Early in the year, T‑Mobile USA were interviewed by CNNMoney, and it became evident that 50 percent of T‑Mobile’s customers did not qualify for its top promotions… So how do you balance good risk management policies and limit financial exposure, whilst ensuring you can retain customers, upsell and grow revenue?
It is assumed that in North America, Australia and much of Europe, Communication Service Providers (CSPs) will undertake a credit check every time they sign up a new contract. They do this because they want to make sure the customer will pay the bill at the end of the month. Credit checks are also performed for existing customers that request new services. The exposure of any one CSP differs depending on a number of factors, including the cost of services, if they provide subsidised handsets, competitive promotions, target market, etc.
But it is restrictive to only consider the exposure via a third party credit bureau, as demonstrated by T‑Mobile suffering a rejection rate much higher than they wanted. So how should you define the threshold to accept or reject a customer? T‑Mobile decided to stop relying solely on traditional checking credit when existing customers renewed/updated their service. Instead, they will judge customers on their previous payment behaviour with T‑Mobile. This sounds like common sense, but it is not a new concept and is also used by some of our customers. However, this does highlight that credit bureau information is not the answer if the telecoms industry wants to move forward.
An holistic, comprehensive, deeper and richer analytical approach is required, but is this possible? When assessing the credit risk of existing customers, I think it is. There is a lot of data on existing subscribers, from how many times they have called customer care, when and how they pay their bills, what previous service requests have been registered, what previous campaigns the subscriber was interested in, where they were provisioned, the deviation in calling behaviour over a defined time, and more. All of this information can be collected from disparate sources and used for improved and refined customer segmentation, leading to more precise decisions.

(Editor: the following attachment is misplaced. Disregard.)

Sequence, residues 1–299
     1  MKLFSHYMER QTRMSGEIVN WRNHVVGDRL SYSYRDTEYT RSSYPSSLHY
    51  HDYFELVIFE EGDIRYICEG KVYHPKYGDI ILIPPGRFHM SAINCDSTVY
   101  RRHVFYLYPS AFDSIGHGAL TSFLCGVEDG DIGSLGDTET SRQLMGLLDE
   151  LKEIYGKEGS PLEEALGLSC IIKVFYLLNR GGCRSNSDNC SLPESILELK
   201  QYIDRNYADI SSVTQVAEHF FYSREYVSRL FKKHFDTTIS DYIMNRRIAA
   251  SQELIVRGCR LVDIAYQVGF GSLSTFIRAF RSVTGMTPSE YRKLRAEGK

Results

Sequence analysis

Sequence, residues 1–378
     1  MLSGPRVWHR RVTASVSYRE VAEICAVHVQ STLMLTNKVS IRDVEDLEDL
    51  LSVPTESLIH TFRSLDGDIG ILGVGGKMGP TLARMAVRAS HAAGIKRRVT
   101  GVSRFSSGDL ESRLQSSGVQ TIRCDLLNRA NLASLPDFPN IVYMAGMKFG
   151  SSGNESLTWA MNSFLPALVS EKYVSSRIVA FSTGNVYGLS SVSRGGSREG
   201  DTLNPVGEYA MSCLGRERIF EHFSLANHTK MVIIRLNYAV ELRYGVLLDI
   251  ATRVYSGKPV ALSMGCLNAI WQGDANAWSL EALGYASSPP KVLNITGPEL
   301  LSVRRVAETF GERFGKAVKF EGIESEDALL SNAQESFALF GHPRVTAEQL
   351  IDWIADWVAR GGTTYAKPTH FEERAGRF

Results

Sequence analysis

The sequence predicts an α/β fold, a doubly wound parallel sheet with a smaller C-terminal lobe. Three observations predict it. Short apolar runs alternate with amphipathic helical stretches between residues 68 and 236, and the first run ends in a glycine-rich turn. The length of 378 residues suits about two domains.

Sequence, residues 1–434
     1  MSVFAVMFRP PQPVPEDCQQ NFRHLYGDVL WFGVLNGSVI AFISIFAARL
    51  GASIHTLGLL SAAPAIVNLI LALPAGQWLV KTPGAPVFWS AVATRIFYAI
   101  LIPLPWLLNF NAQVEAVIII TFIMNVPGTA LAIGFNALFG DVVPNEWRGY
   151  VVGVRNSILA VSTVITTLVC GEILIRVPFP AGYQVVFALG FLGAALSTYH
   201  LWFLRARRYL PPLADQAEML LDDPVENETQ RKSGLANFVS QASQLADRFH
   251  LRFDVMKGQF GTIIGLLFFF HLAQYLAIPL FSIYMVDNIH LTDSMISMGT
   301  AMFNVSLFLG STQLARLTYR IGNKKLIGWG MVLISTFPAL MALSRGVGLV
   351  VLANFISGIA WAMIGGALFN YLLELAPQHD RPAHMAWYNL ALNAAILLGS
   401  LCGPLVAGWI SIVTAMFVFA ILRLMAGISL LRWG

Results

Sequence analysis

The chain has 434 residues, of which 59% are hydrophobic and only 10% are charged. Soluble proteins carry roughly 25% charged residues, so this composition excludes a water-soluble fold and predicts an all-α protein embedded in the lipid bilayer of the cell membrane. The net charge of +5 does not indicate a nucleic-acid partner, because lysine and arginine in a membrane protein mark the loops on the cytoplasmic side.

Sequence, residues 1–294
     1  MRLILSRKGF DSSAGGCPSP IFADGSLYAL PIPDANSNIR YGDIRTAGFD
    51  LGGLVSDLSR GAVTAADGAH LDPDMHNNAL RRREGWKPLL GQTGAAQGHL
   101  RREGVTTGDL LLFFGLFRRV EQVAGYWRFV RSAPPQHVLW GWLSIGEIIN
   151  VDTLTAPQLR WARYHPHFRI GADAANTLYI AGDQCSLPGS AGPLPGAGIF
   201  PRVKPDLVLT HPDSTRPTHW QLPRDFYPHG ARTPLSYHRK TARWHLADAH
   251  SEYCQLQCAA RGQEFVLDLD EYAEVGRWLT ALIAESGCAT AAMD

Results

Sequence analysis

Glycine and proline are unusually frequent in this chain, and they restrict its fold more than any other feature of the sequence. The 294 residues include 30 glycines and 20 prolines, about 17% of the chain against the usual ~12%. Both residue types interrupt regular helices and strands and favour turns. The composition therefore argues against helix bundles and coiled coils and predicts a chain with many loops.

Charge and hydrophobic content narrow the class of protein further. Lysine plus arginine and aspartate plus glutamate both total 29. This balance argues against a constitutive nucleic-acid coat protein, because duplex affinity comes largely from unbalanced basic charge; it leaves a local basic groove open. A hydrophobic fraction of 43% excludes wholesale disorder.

In the case of new customers, collecting data from various sources in the business is also possible. Data may be obtained at the point of sale, from dealers, by identifying individuals who are already listed under a corporate account, from previous historic applications, from consortium data with your regional peers, and so on. All of this data will contribute to an improved risk assessment, and more insightful decision making.
As Big Data grows from just a theory, and formulates into a usable asset where issues relating to privacy have been solved, there will also be enhanced collection of information from third party marketing companies, from IoT sources, and more. This will further enrich decision making.
Adding Next Best Offer (NBO) to your provisioning strategy is a good way to manage risk, as it enables a hybrid approach where exposures can be managed by suggesting customers take lower-risk alternative offers. Offering customers tailored products would be a positive step towards proactive customer management.
It would be interesting to compare the current practice and future plans for how CSPs and financial institutions assess their credit risk. With mobile money growing year after year, both industries will need to open up to a collaborative relationship moving forward.
This article was originally published on the corporate blog of Neural Technologies. It has been reproduced with their permission.